Netscape’s fall from prominence didn’t happen in isolation; it was an act that came about through a deliberate series of Microsoft market actions. In May 1998, the U.S. Justice Department filed an antitrust complaint against Microsoft which charged among many other things that Microsoft acted illegally to end Netscape’s dominance as the most widely used Web browser and to prevent other browsers from gaining significant market share.
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While the legal motions were getting started, Netscape itself was going through a very different transition. In February 1998, Netscape created the Mozilla Project as the open-source home for its browser efforts. Time has proven that this act has preserved the initial technology promise of Netscape, to make the Web a better place for users and commerce alike.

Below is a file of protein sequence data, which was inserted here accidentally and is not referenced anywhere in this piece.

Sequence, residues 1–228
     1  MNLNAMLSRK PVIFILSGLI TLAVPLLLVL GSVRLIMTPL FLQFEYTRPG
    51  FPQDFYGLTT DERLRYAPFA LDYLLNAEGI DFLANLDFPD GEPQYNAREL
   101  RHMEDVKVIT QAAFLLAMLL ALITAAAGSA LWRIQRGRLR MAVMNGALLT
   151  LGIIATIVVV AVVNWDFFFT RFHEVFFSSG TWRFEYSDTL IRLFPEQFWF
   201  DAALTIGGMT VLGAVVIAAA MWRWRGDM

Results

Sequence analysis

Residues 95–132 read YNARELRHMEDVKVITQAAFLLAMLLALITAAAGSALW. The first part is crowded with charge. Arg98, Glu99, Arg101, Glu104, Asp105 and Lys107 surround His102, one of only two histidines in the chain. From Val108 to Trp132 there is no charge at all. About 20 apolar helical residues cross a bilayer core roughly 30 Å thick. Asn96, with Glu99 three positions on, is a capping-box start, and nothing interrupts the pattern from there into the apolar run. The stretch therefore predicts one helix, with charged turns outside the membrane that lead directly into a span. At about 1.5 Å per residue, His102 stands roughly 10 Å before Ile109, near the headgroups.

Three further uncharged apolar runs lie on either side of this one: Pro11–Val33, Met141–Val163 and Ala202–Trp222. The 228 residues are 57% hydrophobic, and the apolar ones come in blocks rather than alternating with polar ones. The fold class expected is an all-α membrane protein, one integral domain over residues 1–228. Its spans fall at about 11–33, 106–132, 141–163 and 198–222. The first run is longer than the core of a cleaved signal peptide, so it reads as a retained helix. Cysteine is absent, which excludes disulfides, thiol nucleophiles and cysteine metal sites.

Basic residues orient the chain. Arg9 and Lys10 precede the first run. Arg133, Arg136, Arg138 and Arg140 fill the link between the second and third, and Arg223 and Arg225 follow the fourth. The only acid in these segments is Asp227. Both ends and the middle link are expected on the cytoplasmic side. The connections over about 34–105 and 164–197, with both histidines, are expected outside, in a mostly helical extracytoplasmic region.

In November 1998, AOL announced its intention to acquire Netscape for $4.2 billion, ending Netscape’s existence as an independent company. It wasn’t actually until January 2002, that Netscape itself would directly sue Microsoft, based on the same claims of anti-competitive behavior that were the basis of the U.S. government’s antitrust case.
The acquisition of Netscape by AOL wasn’t seen as being particularly positive by those within Mozilla at the time. An essay written by Mozilla staffer Jamie Zawinski summed up the feelings of the day. Its title was “Fear and Loathing on the Merger Trail.”
“Some people have the impression that the Mozilla agenda is set by Netscape, and to some extent, that is true because Netscape is paying more than a hundred people’s full-time salaries to work on the Mozilla code base—and to give their code away,” Zawinski wrote.
Zawinski added that it would be hard to imagine that AOL would have “the intention of turning Netscape into something that it is not; it’s hard to imagine that they would spend $4 billion on Netscape just to throw away the client.”